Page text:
Recently I’ve been playing with Ubuntu, and as a way of gaining some familiarity with the OpenOffice suite of productivity apps I decided to create a digital version of my SOLDE flowchart. It is sized to fit on a sheet of 8.5×11 paper, and I am releasing it under creative commons license. If you think it would be of use to you, or know others who might like to use it, feel free to email it, print it out, pass it around. I think it might make a good handout for differential equations students. (It’s under a share-alike license, so you can make derivative works as well, provided they are also creative commons licensed. One possible improvement might be to create a flowchart for variation of parameters, which gets glossed over on this one.)
This work is licensed under a Creative Commons Attribution-NonCommercial-ShareAlike 3.0 Unported License.
Sita Sings The Blues is a beautiful animated movie exploring various versions of the Ramayana, with about five distinctly different visual styles and a soundtrack of 1920s jazz. It was written, edited, directed, conceived, and everything-else-importanted by Nina Paley. Everything else except distributed, of course. Because film distribution companies handle all that stuff. Right?
Not so in this case. Despite a growing mountain of well deserved accolades, Sita Sings The Blues cannot be distributed nationally due to rights issues related to the Annette Henshaw songs in the soundtrack. So Nina is doing that herself too. Check out the link above: she has negotiated and purchased a limited set of rights, enough to let her release her amazing film into the creative commons. Completely free, full, DVD-ready downloads are forthcoming. Also, due to there apparently being special rules for public broadcast stations, though the film can’t have a traditional distribution, WNET in New York is allowed to broadcast it. They will be doing so on March 7, and, more exciting, have already made the full movie available in streaming format from their website. (If you want a little taste before you watch the whole, approx. 90 minute movie, check out the trailer.)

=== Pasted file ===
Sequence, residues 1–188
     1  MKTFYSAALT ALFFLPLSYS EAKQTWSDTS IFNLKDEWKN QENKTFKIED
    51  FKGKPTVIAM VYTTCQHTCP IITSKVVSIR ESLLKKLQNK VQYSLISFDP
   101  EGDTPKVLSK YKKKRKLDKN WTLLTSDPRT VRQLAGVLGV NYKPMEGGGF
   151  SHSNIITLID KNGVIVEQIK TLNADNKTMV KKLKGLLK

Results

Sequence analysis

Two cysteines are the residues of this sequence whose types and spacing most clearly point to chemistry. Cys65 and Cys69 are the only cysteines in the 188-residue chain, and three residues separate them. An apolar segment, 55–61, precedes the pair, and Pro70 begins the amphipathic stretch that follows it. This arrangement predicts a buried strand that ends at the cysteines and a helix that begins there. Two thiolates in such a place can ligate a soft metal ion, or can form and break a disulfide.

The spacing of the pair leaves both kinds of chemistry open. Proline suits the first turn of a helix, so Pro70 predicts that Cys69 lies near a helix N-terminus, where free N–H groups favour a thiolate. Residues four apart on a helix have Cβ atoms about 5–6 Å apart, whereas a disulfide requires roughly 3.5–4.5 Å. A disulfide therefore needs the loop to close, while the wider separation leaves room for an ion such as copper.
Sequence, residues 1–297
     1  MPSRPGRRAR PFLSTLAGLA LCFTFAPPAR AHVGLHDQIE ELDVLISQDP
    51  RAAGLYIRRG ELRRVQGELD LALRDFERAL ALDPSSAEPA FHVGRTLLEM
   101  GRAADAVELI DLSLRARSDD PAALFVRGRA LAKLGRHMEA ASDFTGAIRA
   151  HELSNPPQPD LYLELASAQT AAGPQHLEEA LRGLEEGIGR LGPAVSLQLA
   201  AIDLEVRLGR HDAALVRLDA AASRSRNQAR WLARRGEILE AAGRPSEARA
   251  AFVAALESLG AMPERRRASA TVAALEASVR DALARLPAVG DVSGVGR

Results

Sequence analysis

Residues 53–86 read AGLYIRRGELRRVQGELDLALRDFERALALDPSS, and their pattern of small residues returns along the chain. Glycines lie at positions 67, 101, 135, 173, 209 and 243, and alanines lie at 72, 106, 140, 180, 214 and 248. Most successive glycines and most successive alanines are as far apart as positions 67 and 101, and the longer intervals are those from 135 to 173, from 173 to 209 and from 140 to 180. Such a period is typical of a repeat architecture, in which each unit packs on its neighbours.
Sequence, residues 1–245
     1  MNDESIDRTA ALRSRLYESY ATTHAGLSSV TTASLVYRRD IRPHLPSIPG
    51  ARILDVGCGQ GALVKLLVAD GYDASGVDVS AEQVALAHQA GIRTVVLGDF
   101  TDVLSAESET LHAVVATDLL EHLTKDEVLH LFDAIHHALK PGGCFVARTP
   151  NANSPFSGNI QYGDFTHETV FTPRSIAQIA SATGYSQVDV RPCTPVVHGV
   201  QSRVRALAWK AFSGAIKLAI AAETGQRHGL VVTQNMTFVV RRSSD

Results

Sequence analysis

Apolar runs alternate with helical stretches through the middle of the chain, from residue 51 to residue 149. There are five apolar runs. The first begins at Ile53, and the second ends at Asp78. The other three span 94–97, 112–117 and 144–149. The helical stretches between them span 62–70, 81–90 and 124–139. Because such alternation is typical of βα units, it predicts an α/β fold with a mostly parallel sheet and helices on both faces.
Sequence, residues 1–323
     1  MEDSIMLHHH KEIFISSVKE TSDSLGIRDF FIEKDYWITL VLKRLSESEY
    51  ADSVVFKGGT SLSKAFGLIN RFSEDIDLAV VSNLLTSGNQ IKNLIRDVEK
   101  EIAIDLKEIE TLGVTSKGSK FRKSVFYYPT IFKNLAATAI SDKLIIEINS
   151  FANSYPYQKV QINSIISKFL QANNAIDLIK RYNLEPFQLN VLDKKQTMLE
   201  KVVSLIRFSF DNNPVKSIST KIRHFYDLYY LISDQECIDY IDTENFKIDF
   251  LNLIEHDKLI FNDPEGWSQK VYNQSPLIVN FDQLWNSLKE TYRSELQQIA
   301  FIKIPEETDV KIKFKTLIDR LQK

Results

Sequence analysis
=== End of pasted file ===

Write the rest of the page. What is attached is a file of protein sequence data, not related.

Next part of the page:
So, Sita Sings The Blues: not only an utterly delightful work of art, but now also a fascinating experiment in movie distribution. I can’t wait for the downloads to go live. I know I will be giving DVDs away as gifts and having at least one viewing party. And I will definitely be dropping some money in the donation jar, because what Nina Paley is doing is new and exciting in about ten different ways at once, and deserves admiration and support.